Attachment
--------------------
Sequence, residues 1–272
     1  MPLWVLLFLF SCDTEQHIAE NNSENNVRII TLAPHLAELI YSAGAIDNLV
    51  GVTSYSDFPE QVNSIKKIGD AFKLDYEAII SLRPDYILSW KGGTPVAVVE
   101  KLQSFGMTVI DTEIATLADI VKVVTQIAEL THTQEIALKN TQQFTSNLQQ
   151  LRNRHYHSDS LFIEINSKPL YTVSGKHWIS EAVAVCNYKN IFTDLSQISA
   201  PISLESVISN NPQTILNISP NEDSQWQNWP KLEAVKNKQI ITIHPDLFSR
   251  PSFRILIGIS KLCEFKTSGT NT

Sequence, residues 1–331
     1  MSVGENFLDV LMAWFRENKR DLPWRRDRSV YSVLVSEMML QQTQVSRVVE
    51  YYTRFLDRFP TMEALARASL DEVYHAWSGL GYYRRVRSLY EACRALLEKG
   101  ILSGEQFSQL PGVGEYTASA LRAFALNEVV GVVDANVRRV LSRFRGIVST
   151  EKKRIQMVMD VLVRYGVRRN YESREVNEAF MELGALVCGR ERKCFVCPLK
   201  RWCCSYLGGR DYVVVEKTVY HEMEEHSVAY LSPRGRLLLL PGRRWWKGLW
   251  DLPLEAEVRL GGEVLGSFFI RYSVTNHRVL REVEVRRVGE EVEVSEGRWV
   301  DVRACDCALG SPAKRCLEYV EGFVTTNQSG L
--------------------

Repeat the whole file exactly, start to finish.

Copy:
Sequence, residues 1–272
     1  MPLWVLLFLF SCDTEQHIAE NNSENNVRII TLAPHLAELI YSAGAIDNLV
    51  GVTSYSDFPE QVNSIKKIGD AFKLDYEAII SLRPDYILSW KGGTPVAVVE
   101  KLQSFGMTVI DTEIATLADI VKVVTQIAEL THTQEIALKN TQQFTSNLQQ
   151  LRNRHYHSDS LFIEINSKPL YTVSGKHWIS EAVAVCNYKN IFTDLSQISA
   201  PISLESVISN NPQTILNISP NEDSQWQNWP KLEAVKNKQI ITIHPDLFSR
   251  PSFRILIGIS KLCEFKTSGT NT

Sequence, residues 1–331
     1  MSVGENFLDV LMAWFRENKR DLPWRRDRSV YSVLVSEMML QQTQVSRVVE
    51  YYTRFLDRFP TMEALARASL DEVYHAWSGL GYYRRVRSLY EACRALLEKG
   101  ILSGEQFSQL PGVGEYTASA LRAFALNEVV GVVDANVRRV LSRFRGIVST
   151  EKKRIQMVMD VLVRYGVRRN YESREVNEAF MELGALVCGR ERKCFVCPLK
   201  RWCCSYLGGR DYVVVEKTVY HEMEEHSVAY LSPRGRLLLL PGRRWWKGLW
   251  DLPLEAEVRL GGEVLGSFFI RYSVTNHRVL REVEVRRVGE EVEVSEGRWV
   301  DVRACDCALG SPAKRCLEYV EGFVTTNQSG L